Health at the Capitol — Digging into the Kansas Medical Marijuana Debate (July 2,



Kansas is one of three states with no medical marijuana program. While the Kansas Legislature has considered bills related to medical marijuana over the past several years, only Senate Bill (SB) 282 was passed into law. That bill, from the 2018 legislative session, removed cannabidiol (CBD), a compound in marijuana that is not psychoactive, from the controlled substances list and paved the way for the sale in Kansas of CBD products that contain no tetrahydrocannabinol (THC), the main psychoactive compound in marijuana.  

This edition of Health at the Capitol digs into the medical marijuana debate in Kansas by comparing two comprehensive medical marijuana bills introduced during the 2021 legislative session. It also looks at comprehensive and limited medical marijuana laws in other states.

Health at the Capitol is a weekly summary providing highlights of the Kansas legislative session, with a specific focus on health policy related issues. Sign up here to receive these summaries and more, and also follow KHI on FacebookTwitter and LinkedIn. Previous editions of Health at the Capitol can be found on our ARCHIVE PAGE.


Current Kansas Legislation

On May 6, 2021, the Kansas House passed House Substitute (H. Sub.) for SB 158, which would create the Kansas Medical Marijuana Regulation Act and the Kansas Medical Marijuana Regulation Program; define terms related to the bill; amend laws concerning crimes, child welfare, employment and discipline of certain medical professionals; create provisions to address federal re-scheduling of marijuana; and rename the Division of Alcoholic Beverage Control, Kansas Department of Revenue, as the Division of Alcohol and Cannabis Control. After the House passed the bill, Senate President Ty Masterson stated he did not anticipate the Senate taking up the bill this session but noted the bill would be available for consideration during the 2022 session and suggested that a joint committee may consider it during the interim period. On May 7, the Senate ruled the bill as “materially changed” and referred it to the Senate Federal and State Affairs Committee. SB 315, which would create the Kansas Medical Marijuana Regulation Act, also was introduced by the Senate on May 7 and was referred to the Senate Public Health and Welfare Committee.

Figure 1 compares select provisions in H. Sub. for SB 158 (124 pages) and SB 315 (84 pages). (Text in bold indicates material differences between the bills.)

Laws in Other States

As of May 18, 2021, 36 states and the District of Columbia have approved comprehensive, publicly available medical marijuana/cannabis programs and an additional 11 states have approved limited access medical marijuana laws to allow use of “low THC, high CBD” products for medical reasons in limited situations or as a legal defense. In addition, as of April 19, 2021, 17 states and the District of Columbia have enacted legislation to regulate cannabis for adult recreational use.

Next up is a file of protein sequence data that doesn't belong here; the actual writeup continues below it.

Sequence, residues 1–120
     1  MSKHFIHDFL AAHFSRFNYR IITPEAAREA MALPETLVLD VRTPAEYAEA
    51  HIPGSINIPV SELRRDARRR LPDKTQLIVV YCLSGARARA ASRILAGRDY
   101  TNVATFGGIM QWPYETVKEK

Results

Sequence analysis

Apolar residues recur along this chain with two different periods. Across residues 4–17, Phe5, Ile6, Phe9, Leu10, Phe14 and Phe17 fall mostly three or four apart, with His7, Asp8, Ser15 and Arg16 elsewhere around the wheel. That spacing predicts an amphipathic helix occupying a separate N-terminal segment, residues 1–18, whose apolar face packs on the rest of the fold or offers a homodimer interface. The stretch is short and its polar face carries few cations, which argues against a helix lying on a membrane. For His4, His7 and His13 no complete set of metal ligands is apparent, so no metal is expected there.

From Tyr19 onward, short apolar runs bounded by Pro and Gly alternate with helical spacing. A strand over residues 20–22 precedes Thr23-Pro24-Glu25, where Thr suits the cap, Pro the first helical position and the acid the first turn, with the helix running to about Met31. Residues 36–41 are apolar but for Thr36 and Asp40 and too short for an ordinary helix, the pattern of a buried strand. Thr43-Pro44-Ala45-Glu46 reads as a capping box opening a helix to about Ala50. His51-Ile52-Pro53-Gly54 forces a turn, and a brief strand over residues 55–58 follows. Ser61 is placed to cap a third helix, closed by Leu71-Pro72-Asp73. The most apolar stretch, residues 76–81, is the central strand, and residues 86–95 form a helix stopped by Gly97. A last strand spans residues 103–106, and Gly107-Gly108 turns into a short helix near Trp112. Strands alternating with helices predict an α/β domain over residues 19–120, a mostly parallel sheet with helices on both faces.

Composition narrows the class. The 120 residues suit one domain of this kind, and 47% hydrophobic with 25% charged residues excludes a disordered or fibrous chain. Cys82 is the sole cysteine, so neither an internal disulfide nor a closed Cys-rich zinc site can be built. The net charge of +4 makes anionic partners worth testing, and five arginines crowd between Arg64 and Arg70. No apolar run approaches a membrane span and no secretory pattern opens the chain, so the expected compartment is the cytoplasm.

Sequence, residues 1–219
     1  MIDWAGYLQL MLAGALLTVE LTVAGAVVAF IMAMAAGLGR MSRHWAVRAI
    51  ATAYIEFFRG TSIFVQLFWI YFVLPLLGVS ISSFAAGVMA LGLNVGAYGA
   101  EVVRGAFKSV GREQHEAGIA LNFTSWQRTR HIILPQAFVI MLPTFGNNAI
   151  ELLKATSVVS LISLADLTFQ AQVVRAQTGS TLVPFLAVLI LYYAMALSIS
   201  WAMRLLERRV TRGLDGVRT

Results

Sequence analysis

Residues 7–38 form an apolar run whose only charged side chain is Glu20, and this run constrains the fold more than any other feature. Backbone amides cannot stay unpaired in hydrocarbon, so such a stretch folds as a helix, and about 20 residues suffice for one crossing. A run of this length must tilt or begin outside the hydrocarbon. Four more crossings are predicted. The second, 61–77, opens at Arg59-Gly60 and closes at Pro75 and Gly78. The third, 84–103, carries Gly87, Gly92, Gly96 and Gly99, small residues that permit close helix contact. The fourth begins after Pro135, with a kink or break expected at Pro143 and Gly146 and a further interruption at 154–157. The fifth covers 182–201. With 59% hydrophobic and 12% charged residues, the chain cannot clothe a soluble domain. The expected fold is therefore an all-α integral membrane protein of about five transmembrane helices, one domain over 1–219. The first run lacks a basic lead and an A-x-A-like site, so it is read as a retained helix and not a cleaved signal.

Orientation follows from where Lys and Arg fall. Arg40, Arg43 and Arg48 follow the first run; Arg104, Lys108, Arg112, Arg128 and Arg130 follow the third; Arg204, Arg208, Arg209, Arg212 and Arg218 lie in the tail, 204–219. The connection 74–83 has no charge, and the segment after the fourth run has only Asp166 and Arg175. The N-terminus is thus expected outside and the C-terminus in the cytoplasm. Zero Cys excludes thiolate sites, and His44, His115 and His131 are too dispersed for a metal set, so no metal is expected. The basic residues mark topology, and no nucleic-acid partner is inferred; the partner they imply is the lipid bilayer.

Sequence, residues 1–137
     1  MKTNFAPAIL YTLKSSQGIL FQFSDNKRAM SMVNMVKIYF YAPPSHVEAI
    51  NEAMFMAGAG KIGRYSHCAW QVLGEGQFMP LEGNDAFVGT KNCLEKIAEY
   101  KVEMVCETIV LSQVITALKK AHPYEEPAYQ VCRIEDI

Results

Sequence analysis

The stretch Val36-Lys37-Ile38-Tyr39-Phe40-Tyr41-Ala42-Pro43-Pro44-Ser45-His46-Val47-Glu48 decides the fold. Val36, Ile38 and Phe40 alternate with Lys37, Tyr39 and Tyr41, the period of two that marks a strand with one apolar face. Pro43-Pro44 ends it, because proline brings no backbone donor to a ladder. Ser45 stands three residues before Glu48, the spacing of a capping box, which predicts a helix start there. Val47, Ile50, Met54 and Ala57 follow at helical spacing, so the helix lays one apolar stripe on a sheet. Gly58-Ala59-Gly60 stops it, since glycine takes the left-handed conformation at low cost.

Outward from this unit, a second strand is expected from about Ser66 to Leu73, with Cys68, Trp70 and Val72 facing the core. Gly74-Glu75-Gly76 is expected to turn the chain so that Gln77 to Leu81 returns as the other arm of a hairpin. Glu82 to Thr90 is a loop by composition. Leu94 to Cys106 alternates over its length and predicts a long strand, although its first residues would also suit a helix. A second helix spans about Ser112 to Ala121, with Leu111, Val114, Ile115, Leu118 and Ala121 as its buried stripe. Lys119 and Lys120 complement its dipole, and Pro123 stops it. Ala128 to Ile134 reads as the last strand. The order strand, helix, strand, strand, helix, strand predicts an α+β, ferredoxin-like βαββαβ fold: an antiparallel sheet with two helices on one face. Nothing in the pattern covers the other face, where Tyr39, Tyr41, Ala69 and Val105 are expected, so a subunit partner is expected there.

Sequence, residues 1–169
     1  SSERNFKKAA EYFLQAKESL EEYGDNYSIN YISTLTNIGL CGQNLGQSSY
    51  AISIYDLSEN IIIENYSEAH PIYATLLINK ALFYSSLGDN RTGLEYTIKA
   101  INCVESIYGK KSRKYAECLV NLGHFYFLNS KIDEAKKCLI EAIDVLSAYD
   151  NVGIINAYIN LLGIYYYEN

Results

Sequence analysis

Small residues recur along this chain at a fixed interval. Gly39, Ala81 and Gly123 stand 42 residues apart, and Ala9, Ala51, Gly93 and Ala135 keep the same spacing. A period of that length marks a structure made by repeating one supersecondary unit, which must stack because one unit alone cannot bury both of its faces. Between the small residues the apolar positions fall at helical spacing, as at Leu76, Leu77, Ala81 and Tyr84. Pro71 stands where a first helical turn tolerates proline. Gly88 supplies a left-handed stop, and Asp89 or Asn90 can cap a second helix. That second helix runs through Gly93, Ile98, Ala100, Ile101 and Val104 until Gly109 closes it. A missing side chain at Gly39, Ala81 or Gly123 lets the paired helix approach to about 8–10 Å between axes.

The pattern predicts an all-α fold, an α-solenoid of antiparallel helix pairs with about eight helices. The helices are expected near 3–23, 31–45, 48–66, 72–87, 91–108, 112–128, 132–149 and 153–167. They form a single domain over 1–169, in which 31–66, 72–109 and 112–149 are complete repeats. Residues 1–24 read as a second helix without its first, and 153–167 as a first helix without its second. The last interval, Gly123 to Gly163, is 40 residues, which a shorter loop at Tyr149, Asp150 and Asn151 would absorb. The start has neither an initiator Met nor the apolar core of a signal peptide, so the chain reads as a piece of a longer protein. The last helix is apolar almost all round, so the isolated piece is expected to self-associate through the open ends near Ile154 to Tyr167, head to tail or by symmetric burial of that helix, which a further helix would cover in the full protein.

The following figures provide a brief overview of states that have statutory and regulatory provisions legalizing medical marijuana. The information is based on two primary sources: the Network for Public Health Law (as of February 14, 2019) and the National Conference of State Legislatures (as of May 18, 2021).

Figure 2 describes several common characteristics of comprehensive programs. NCSL defines a program as comprehensive if it has the following elements: 1) protection from criminal penalties for using marijuana for a medical purpose; 2) access to marijuana through home cultivation, dispensaries or some other system that is likely to be implemented; 3) it allows a variety of strains or products, including those with more than “low” THC; 4) it allows either smoking or vaporization of some kind of marijuana product, plant material or extract; and 5) it is not a limited trial program (South Dakota and Nebraska have limited trial programs that are not open to the public).

Figure 3 provides an overview of several common characteristics of “limited” medical marijuana programs. These states allow use of “low THC, high CBD” products for medical reasons in limited situations or as a legal defense. “CBD is the main ingredient of the FDA-approved drug Epidiolex®.

The Kansas Health Institute supports effective policymaking through nonpartisan research, education and engagement. KHI believes evidence-based information, objective analysis and civil dialogue enable policy leaders to be champions for a healthier Kansas. Established in 1995 with a multiyear grant from the Kansas Health Foundation, KHI is a nonprofit, nonpartisan educational organization based in Topeka.


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